restoration saga: hvac hates us.

We’ve hit another wall. Our plans for insulation, drywall, and everything else that makes our house look like it’s conducive to human life are on hold until we can find an HVAC person who, like, wants our business.

“I’ll get that quote to you by Friday” means “OK, your house stinks and I’ll never see you again.”

I’m sure these people are crazy busy and lacking the secretaries and energy required to respond to everyone — especially those two kids with that broken house. And I can’t blame them — I don’t do anything reliably except brush my teeth. So I sympathize. I do.

Mostly I’m just throwing a little kid fit because — have you heard? – I didn’t know — a new heating system can set you back TWENTY THOUSAND AMERICAN DOLLARS.

Do you know how long it takes me to make twenty thousand American dollars? Pardon me while I weep openly.

Underneath my little kid fit is my fear that all of this is — as our HVAC not-friends insinuate with raised eyebrows and scoffing — not worth the effort. My perpetual idealism, impulse to restore everything I come in contact with, drive to recycle, obsession with the theology of REDEMPTION, leads me to do crazy, crazy things.

Like hoarding broken things (smaller than a house), adopting mutts, and killing my herb garden —

And getting seven months into a house project, hearing the people you want to hire go, “This isn’t even worth my time,” and then curling up in a helpless figurative ball and playing dead until somebody gives my house and my project the respect they deserve. Which is going to be never.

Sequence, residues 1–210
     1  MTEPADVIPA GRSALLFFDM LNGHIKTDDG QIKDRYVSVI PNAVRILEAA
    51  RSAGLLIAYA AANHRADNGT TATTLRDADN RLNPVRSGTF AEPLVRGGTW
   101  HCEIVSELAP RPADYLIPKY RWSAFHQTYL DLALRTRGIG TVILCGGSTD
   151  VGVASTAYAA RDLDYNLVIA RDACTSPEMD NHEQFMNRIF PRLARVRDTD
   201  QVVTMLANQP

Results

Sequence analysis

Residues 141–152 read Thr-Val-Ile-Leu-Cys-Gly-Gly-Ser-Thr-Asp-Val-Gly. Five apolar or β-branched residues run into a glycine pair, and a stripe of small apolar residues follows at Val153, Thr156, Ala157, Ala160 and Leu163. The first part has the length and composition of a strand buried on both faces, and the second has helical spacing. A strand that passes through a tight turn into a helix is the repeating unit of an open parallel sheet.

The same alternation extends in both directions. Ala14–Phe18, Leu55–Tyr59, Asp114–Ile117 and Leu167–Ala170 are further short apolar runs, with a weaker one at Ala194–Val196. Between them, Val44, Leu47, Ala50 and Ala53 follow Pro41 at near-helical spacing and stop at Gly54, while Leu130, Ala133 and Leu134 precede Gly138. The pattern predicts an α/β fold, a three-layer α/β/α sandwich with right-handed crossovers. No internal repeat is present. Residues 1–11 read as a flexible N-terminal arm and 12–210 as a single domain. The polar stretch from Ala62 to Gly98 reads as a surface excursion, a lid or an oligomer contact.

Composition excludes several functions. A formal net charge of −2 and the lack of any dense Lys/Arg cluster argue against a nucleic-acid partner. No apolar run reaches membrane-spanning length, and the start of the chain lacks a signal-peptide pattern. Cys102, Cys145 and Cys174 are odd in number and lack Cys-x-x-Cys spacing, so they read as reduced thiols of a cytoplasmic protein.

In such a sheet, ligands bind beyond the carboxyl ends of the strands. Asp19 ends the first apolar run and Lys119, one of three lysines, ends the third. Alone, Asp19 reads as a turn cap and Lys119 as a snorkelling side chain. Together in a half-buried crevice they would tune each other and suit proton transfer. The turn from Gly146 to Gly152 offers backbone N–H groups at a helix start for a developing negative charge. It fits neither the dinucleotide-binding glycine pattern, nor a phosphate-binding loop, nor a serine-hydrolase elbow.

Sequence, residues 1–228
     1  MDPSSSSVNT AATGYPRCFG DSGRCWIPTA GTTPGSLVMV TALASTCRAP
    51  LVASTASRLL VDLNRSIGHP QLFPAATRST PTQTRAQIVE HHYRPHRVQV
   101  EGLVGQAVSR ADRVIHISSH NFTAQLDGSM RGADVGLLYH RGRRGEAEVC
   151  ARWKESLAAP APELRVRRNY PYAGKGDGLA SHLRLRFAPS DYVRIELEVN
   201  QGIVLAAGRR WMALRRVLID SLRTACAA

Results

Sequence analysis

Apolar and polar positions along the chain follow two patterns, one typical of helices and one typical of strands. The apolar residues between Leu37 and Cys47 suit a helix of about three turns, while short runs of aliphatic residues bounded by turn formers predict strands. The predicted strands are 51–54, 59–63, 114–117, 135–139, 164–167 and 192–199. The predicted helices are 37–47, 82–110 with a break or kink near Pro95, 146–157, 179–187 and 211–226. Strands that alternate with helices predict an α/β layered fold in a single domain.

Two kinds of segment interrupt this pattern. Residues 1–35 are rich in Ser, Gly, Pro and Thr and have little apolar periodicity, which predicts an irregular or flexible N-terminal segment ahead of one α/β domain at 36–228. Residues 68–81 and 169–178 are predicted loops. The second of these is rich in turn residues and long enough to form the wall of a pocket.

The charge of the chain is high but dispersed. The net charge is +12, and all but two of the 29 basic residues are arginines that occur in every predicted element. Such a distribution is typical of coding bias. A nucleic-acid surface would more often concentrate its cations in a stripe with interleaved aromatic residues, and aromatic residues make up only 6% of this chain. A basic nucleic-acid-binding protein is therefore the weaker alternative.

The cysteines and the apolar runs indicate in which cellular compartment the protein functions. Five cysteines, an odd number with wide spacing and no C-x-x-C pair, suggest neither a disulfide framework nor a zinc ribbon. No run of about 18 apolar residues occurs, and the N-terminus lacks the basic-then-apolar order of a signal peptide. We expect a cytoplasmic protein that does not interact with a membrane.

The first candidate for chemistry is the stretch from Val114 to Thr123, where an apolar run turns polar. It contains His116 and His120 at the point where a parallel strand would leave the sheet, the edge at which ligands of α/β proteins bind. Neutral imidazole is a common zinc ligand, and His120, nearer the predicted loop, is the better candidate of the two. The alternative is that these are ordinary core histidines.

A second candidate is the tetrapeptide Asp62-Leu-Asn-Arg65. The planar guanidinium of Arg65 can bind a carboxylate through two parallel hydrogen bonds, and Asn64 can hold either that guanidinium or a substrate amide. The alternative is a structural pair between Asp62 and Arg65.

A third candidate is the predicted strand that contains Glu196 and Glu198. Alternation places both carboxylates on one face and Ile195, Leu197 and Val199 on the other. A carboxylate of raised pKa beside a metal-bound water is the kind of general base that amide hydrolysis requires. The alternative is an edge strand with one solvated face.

Dangit.

We’ve arrived at a place in our progress that we’ve longed for since October: all most of the old stuff is gone.

All the plaster, tile, trash, fake things, paneling, multiple floors, death-defying ceiling fans, animal feces, disease-breeding carpets, pee-stained cabinetry, permanently grease-coated appliances, and crooked stairs: gone. (All that remains of old things that need to go is the mold in the basement, which awaits hours of bleach treatment but can’t happen until we have plumbing and a drain that works. Oh, and the freezer.)

We’ve entered phase 2: new stuff. We have new wiring, walls, doorways, open floor plan, floors, stairs, and exactly one piece of drywall affixed nicely to one wall upstairs.

And we wait.

While phase two punches us in the face.

And HVAC people hate our house.

Probably they just need better theology.

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6 thoughts on “restoration saga: hvac hates us.

  1. Pingback: RS: in which hvac sparks a personal crisis | la corbeille

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